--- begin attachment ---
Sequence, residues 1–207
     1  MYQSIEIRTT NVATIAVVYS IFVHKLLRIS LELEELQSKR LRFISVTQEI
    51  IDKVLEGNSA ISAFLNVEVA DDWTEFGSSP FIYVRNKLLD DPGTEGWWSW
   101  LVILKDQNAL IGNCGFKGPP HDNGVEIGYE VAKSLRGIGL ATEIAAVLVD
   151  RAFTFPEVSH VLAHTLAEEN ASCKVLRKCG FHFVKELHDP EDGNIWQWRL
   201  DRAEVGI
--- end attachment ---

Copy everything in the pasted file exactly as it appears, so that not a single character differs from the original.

Sequence, residues 1–207
     1  MYQSIEIRTT NVATIAVVYS IFVHKLLRIS LELEELQSKR LRFISVTQEI
    51  IDKVLEGNSA ISAFLNVEVA DDWTEFGSSP FIYVRNKLLD DPGTEGWWSW
   101  LVILKDQNAL IGNCGFKGPP HDNGVEIGYE VAKSLRGIGL ATEIAAVLVD
   151  RAFTFPEVSH VLAHTLAEEN ASCKVLRKCG FHFVKELHDP EDGNIWQWRL
   201  DRAEVGI